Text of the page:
Today was a Tony Martin day. He didn’t win the stage – Sagan did (of course) – but he was in a two man breakaway with Julian Alaphilippe for most of the day. Unlike other cyclists, Tony doesn’t attempt to hide his suffering. When he’s on it, the bottom lip sticks out, drool and snot trail down his face and drip off his chin, and his eyes are those of a man who has been to many, many raves and doesn’t remember a single second of any of them. I look fairly similar when I get to the end of a 20 mile training run. It isn’t pretty, but it is bloody effective. Well it is for him. I’m just a whole heap of mess and hurt.

Today was relatively quiet for the GC contenders. It meant that their domestiques a got a bit of a day off too. Or so it seemed. It probably didn’t feel like much of a rest to them. 

Over the last few days I have been hugely impressed with Wout Poels. He became one of my top 5 favourite cyclists during last year’s tour and now I think he might just have hit the top spot. He’s a bit unsung, which seems slightly unfair as he won Liege-Bastogne-Liege earlier in the year. Oddly, Team Sky didn’t really seem to give the achievement the fanfare it deserved. He only gave them their first Monument victory after all. I know they prize the Tour over everything, but some riders and team base their whole existence on a single monument win. In contrast, Vasil Kiryienka won the world time trial championships last year and Sky mention it aaaaaallllll the time. Dan Martin won L-B-L for Garmin a few years ago and he’s only *just* stopped wanging on about it. Then there’s Wout, hauling back errant breakaway riders seemingly at will in the high mountains at the behest of his team leader and dicking about adorably on the team bus and no-one really mentions how great he is. It’s the Team Sky first would problem of an embarrassment of riches I guess. See also: Mikel Landa, Michal Kwiatkowski, Segio Henao, Mikel Nieve, Geraint Thomas, etc etc etc.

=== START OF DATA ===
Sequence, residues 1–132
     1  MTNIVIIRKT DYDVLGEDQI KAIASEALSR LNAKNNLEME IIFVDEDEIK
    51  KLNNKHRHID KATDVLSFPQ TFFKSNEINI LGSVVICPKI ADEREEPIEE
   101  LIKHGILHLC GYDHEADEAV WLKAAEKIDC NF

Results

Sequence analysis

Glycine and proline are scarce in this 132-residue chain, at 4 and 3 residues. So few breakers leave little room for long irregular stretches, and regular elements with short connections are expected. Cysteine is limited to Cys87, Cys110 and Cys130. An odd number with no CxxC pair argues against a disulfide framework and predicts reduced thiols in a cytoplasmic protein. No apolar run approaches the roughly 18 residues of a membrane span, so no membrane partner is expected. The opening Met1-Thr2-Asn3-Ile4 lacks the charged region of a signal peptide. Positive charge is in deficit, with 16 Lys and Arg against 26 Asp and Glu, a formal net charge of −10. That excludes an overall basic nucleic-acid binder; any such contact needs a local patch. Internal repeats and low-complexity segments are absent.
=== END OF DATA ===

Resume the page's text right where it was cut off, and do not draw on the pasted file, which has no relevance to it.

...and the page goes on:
Side note: after an unfortunate mishearing last year, Mr FollowingtheWheels calls Wout Poels ‘Wagbo’ (the Harry Hill character.) Don’t ask. No really.

Tomorrow is an actual rest day.

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Wagbo. Not a cyclist.

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Wout Poels. Definitely a cyclist.

TdF 2016 – Stage 12

 

So it turns out that everything is insane everywhere, not just in the UK right now.

1. Richie Porte versus the motorbike reminded me of this:

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Poor Richie.

2. Chris Froome running up Mont Ventoux reminded me of this:

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And this:

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3. Wout Poels hurting himself in the service of Froome on Ventoux made me feel like this:

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All Of Teh Feels.

How on EARTH do their partners feel when they do this to themselves? When random stuff happens to them? I’m going nuts watching it all and I don’t know any of them. Ultimately the sensible thing was done and Froome and Porte didn’t suffer, jersey or time-wise.

Tomorrow’s time trial will feel like a rest day in comparison.

 

TdF Stages 6-11

Everything is currently BATSHIT in the UK. It’s been so crazy that I haven’t even wanted to ruminate whimsically on the TdF via the medium of Gifs. I’ve been watching it religiously of course but the urge to find a gif of a topless Marcel Kittel has gone. Things really are bad here.